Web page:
LLC Texas: Everything You Need to Know
Forming an LLC Texas requires a business owner to take the following steps with regard to naming, filing, and operating. The first, and one of the most important, steps when starting a business is coming up with a name for your limited liability company (LLC). 3 min read
Forming an LLC Texas requires a business owner to take the following steps with regard to naming, filing, and operating. The first, and one of the most important, steps when starting a business is coming up with a name for your limited liability company (LLC).
Research Business Names
You should research existing names to make sure the name you want for your business is easy for potential customers to search for and suits your venture.
An LLC name must follow certain guidelines in the state of Texas:
- Include the words “limited liability company” or one of the acceptable abbreviations.
- Certain words require the completion of additional paperwork to be used in an LLC name, such as university, bank, or attorney. To qualify, you might also need a licensed professional, such as a lawyer or a doctor, to be part of the business.
- Certain words are restricted from use in an LLC name, including Treasury, FBI, Secret Service, and other names that could confuse the LLC with a government agency.
The next step is making sure the name you want is available in Texas. If another business already exists with a name that is too similar or identical to the one you want, you'll have to come up with a new option. To do this:
- Register for an account on the Secretary of State website.
- Search existing business names.
- Use this account to file required business forms online and pay any required filing fees.
You should also make sure the URL for the business name you want is available. Even if you aren't planning to make a website right away, you might want to obtain the domain name before you register your business name to prevent someone else from taking it. Your LLC will also need a professional email address. Google offers the G Suite professional email system, which includes business tools such as spreadsheets and word processing. It's free to try and also includes impressive security to protect your business information.
Choose a Registered Agent
Every LLC operating in Texas must have a registered agent. The next step is nominating your registered agent and filing the required form in person, by mail, or online. A registered agent is a business or individual that is responsible for receiving and handling any legal documents on behalf of the company. Some of the common legal documents include filings and service of process of legal action, which will be sent to your business if someone sues it.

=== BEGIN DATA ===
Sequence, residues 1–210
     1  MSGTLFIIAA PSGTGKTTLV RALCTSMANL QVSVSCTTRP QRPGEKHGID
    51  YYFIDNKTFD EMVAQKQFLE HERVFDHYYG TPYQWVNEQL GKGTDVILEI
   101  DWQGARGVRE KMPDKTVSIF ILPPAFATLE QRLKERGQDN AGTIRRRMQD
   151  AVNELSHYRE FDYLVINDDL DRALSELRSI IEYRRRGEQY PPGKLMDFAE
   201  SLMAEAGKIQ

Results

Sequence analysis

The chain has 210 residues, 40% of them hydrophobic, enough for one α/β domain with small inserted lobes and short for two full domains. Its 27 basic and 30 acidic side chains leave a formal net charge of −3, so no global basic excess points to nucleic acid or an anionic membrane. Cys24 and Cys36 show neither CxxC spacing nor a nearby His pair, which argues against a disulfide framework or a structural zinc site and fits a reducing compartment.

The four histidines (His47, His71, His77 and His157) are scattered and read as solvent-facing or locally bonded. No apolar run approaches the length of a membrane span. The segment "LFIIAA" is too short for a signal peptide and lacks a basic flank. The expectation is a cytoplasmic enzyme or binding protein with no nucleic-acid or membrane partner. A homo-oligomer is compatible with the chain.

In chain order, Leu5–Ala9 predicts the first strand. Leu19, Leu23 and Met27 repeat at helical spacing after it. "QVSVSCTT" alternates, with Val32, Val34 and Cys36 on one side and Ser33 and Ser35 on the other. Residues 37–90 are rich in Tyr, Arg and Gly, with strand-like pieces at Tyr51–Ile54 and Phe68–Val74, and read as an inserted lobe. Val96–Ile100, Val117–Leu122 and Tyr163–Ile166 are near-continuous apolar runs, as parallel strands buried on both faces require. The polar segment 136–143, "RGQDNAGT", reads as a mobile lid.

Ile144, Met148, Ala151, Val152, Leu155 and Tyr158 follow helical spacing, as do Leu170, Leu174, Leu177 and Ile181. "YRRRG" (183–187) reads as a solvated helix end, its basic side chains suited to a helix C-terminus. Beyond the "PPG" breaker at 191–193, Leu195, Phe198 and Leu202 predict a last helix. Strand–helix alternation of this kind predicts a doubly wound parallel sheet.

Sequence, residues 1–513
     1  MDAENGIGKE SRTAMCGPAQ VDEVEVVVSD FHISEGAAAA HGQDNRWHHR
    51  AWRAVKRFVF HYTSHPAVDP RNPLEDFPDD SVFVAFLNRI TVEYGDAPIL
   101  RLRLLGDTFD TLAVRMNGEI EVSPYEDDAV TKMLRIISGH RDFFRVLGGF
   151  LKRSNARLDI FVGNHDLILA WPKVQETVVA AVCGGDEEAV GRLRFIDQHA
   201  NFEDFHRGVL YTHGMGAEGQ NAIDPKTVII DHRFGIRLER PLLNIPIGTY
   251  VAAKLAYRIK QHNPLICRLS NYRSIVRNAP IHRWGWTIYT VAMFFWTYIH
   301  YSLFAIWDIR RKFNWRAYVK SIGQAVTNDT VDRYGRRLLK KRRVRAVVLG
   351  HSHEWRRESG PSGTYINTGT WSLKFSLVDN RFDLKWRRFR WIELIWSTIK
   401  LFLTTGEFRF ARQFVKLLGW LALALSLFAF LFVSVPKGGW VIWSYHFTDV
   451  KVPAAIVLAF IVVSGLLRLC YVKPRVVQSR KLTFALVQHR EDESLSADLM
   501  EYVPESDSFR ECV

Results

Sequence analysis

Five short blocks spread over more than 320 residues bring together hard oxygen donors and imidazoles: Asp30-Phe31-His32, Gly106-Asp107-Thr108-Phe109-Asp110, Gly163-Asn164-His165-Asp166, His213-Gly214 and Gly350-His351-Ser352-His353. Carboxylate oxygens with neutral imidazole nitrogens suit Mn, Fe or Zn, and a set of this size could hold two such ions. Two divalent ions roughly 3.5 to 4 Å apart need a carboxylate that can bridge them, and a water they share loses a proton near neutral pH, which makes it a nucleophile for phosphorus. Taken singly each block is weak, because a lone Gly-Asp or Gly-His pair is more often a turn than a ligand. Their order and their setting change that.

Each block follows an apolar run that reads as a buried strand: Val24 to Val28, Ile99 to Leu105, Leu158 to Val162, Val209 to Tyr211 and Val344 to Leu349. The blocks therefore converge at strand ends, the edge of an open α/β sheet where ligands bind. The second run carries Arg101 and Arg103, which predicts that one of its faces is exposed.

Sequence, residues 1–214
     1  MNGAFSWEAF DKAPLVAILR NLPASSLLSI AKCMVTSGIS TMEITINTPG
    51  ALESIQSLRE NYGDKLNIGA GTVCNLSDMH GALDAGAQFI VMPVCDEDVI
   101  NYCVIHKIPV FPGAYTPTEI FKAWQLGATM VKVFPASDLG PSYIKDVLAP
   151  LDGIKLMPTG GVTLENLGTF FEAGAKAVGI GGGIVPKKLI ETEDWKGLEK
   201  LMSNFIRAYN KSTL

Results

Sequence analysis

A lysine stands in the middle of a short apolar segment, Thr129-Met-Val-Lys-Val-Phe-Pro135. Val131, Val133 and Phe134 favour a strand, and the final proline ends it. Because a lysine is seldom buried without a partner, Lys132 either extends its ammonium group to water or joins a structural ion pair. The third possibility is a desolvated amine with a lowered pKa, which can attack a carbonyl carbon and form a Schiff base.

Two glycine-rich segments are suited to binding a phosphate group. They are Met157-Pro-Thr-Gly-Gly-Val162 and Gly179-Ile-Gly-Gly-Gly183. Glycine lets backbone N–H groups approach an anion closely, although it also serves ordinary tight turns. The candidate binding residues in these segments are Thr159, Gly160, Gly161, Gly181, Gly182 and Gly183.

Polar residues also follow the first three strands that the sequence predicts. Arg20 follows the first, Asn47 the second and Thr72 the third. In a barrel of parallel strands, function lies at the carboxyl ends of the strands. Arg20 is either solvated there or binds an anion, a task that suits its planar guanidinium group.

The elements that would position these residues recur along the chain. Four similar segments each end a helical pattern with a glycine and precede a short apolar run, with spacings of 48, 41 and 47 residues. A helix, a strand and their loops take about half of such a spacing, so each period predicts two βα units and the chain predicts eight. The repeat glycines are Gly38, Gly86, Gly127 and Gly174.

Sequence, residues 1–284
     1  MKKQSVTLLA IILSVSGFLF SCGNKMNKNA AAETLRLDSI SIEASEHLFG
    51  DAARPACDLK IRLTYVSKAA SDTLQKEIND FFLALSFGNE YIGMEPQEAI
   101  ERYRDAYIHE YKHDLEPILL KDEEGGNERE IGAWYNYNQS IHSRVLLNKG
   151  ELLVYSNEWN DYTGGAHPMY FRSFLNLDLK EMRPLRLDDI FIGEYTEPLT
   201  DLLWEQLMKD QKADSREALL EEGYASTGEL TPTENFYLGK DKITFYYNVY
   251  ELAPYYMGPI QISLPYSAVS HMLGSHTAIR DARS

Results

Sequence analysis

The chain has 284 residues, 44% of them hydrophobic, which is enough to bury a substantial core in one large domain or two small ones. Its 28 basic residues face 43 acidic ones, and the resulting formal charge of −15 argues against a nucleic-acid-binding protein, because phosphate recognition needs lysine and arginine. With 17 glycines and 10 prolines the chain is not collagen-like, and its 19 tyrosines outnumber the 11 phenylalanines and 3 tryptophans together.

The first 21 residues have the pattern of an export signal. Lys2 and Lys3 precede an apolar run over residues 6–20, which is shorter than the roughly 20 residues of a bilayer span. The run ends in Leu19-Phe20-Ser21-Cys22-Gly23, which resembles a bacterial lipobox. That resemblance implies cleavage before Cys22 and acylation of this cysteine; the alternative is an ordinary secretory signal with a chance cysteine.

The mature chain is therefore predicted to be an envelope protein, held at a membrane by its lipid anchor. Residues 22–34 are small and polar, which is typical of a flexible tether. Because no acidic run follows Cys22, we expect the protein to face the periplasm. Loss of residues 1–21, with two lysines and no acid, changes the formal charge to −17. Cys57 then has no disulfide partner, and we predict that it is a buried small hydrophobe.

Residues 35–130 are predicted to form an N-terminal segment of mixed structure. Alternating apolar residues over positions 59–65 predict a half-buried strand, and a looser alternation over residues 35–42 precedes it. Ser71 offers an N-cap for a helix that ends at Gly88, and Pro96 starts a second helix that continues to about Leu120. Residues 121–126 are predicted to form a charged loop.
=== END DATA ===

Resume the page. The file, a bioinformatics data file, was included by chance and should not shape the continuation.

To qualify as a registered agent, the business or individuals must meet certain requirements:
- If you designate an individual, he or she must live in the state of Texas.
- If you choose a business to serve as the registered agent, it must have current authorization to operate in the state.
- An owner or employee of the LLC can serve as the registered agent, but the business itself can't be the registered agent.
- Registered agents must agree to their appointment in either electronic or written form.
Use form 401-A to make sure the agent's acceptance of appointment includes the right language. You do not have to file this form with the Secretary of State.
File the Certificate of Formation
Step three of forming an LLC is filing the certificate of formation. You will submit this document to the state. Before you file the certificate, decide whether members or managers will manage the business. When you file the certificate of formation, you must pay a nonrefundable filing fee of $300 to the Secretary of State's office. It's important to note that if the LLC is being expanded into Texas from another state, the business qualifies as a foreign LLC.
Create an Operating Agreement
Although an operating agreement isn't a requirement to form an LLC in Texas, it is smart to have one on file. This legal document will outline the LLC's operating procedures and ownership.
Obtain an EIN
Nearly every LLC operating in Texas will need an employer identification number (EIN), also referred to as the federal tax identification number. It identifies the company and serves the same purpose as a social security number for a person.
If you need help with an LLC Texas, you can post your legal need on UpCounsel's marketplace. UpCounsel accepts only the top 5 percent of lawyers to its site. Lawyers on UpCounsel come from law schools such as Harvard Law and Yale Law and average 14 years of legal experience, including work with or on behalf of companies like Google, Menlo Ventures, and Airbnb.